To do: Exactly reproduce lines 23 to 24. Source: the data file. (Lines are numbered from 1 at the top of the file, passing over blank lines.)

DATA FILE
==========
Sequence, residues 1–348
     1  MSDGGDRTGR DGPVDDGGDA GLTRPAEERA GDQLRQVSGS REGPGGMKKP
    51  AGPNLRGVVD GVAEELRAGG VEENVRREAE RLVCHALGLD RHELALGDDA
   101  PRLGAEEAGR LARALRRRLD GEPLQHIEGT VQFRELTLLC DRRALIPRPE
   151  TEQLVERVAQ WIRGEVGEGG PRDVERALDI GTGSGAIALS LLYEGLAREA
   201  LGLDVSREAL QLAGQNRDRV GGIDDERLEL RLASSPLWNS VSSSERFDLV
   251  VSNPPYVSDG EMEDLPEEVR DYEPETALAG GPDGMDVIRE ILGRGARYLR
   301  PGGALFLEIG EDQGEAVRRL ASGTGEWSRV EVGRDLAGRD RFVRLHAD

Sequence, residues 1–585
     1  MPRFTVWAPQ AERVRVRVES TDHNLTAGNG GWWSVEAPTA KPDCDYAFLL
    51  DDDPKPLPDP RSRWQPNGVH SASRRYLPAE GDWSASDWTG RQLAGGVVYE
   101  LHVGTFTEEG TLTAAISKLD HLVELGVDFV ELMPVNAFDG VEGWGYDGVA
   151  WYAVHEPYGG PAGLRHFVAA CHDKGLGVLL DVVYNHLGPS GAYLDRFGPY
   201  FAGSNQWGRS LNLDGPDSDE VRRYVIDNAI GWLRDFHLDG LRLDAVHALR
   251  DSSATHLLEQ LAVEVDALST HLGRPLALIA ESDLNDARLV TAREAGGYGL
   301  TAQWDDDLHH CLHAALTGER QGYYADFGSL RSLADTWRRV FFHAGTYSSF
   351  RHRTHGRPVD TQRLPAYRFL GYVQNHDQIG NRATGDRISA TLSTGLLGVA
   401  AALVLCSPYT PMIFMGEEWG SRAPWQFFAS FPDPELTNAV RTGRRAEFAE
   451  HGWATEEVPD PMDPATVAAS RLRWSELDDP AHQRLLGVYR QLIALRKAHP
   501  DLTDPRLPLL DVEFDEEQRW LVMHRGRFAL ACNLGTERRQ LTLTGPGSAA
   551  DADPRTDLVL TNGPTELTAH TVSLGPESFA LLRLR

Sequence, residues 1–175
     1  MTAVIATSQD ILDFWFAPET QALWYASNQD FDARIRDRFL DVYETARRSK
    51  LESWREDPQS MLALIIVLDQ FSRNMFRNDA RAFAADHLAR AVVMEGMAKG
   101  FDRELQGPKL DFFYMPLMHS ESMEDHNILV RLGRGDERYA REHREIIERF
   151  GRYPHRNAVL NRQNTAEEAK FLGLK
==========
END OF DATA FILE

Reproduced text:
     1  MTAVIATSQD ILDFWFAPET QALWYASNQD FDARIRDRFL DVYETARRSK
    51  LESWREDPQS MLALIIVLDQ FSRNMFRNDA RAFAADHLAR AVVMEGMAKG